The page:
In his seventh popular book, (The Sense of Style|The Sense of Style: The Thinking Person's Guide to Writing in the 21st Century) (2014), Pinker attempts to provide a writing style guide that is informed by modern science and psychology, offering advice on how to produce more comprehensible and unambiguous writing in nonfiction contexts and explaining why so much of today's academic and popular writing is difficult for readers to understand.In a November 2014 episode of the Point of Inquiry podcast, host Lindsay Beyerstein, asked Pinker how his style guide was different from the many guides that already exist. His answer,}}He also indicated that the 21st century was applicable because language and usage change over time and it has been a long time since William Strunk wrote Elements of Style.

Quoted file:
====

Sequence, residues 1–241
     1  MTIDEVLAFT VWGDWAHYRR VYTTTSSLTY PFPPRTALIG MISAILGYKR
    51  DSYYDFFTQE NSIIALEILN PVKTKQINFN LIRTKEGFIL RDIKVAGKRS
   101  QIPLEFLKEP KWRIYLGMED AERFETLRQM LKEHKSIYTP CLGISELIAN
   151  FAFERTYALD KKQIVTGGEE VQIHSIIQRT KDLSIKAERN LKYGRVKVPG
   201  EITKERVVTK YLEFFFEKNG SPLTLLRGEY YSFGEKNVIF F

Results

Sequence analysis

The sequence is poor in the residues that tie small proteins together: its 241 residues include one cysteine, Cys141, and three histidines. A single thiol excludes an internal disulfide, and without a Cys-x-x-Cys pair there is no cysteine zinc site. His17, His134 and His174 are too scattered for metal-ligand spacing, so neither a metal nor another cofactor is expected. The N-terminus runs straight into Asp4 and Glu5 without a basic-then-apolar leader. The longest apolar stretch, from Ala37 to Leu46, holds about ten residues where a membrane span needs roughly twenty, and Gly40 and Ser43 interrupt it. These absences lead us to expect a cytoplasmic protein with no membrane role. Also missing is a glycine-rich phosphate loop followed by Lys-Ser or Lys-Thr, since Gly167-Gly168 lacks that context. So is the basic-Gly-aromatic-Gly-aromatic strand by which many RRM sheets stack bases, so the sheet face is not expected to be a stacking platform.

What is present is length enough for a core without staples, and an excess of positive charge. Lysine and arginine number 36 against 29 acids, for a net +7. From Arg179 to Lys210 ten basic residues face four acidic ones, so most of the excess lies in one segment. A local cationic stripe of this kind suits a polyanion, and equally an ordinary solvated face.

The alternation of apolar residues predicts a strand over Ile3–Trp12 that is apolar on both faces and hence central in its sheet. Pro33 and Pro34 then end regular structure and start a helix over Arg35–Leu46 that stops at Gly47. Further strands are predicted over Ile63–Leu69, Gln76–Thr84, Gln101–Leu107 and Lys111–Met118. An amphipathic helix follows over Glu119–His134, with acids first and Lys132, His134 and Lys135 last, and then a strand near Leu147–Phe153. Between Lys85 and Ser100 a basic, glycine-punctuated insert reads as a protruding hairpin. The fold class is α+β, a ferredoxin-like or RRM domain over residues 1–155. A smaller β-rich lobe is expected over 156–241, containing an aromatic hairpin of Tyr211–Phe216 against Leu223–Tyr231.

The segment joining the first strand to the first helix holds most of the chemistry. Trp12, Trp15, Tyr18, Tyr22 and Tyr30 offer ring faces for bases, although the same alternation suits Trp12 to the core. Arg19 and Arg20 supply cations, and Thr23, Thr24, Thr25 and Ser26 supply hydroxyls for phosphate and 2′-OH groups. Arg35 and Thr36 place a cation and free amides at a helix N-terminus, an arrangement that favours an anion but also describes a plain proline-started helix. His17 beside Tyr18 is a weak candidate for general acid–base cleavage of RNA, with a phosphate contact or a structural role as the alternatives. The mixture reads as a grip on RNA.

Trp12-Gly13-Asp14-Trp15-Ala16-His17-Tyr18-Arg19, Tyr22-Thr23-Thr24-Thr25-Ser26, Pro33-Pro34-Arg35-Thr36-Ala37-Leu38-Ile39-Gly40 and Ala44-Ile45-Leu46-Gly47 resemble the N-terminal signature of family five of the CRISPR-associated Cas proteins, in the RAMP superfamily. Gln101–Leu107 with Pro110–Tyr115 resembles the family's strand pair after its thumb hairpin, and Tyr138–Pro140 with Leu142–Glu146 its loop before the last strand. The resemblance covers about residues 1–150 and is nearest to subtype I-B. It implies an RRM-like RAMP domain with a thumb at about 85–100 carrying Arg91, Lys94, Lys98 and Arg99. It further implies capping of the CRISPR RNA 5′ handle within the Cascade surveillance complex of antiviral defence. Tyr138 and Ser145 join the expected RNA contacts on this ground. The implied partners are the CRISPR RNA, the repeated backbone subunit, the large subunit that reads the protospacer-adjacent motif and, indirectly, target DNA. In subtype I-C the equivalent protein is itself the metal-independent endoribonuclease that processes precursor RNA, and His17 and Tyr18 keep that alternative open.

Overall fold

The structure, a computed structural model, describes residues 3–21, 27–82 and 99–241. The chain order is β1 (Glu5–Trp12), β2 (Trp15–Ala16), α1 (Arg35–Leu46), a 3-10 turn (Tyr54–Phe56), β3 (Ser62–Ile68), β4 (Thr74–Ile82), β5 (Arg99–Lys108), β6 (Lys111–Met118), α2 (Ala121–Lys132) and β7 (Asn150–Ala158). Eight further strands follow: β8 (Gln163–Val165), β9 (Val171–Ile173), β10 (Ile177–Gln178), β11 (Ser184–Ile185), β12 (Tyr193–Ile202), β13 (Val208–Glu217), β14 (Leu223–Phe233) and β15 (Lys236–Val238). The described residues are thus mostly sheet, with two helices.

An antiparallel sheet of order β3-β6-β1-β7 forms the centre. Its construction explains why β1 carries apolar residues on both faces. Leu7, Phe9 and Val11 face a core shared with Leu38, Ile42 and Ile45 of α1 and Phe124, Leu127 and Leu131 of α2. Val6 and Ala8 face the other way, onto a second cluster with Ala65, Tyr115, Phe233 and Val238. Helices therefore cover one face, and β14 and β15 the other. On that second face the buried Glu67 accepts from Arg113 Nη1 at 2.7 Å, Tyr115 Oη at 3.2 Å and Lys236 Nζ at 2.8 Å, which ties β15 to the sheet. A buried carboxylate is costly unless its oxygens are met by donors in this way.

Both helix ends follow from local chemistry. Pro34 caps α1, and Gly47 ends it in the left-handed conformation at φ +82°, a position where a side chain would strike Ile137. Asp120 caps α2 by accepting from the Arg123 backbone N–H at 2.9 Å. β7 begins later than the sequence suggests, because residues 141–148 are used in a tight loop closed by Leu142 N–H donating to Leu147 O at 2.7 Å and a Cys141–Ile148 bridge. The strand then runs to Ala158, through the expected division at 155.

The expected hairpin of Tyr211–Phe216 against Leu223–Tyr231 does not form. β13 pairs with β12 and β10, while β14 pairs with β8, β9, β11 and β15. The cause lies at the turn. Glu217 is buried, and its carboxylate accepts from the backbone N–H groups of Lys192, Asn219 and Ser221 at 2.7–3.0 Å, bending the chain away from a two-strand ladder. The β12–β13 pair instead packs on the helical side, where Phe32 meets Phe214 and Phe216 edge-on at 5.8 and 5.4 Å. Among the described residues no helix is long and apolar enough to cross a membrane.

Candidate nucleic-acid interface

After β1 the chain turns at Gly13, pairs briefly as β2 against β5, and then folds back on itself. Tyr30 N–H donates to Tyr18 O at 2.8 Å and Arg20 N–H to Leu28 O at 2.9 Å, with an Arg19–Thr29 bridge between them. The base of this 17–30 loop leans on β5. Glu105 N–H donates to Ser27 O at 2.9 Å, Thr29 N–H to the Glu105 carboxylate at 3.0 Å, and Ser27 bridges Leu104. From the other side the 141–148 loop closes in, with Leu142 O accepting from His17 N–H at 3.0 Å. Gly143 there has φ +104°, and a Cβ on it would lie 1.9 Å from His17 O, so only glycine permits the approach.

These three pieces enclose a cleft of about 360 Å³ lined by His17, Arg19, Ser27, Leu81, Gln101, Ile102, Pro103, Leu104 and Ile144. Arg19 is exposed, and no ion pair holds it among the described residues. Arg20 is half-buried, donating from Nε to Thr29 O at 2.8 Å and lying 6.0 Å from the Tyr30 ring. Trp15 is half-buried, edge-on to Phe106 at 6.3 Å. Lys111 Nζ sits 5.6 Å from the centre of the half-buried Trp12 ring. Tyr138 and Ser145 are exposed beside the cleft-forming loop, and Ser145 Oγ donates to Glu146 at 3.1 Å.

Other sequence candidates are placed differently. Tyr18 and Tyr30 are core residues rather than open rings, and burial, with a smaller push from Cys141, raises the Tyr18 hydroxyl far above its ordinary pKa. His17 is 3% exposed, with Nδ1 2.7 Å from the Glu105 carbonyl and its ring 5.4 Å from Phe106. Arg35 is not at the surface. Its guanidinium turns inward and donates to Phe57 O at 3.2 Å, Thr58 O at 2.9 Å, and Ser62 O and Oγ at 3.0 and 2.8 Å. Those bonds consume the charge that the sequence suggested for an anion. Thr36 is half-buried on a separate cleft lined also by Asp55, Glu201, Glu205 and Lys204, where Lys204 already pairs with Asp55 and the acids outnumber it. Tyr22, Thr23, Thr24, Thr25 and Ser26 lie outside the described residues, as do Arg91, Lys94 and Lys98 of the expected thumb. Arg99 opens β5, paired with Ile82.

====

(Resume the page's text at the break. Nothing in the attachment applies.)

Public debate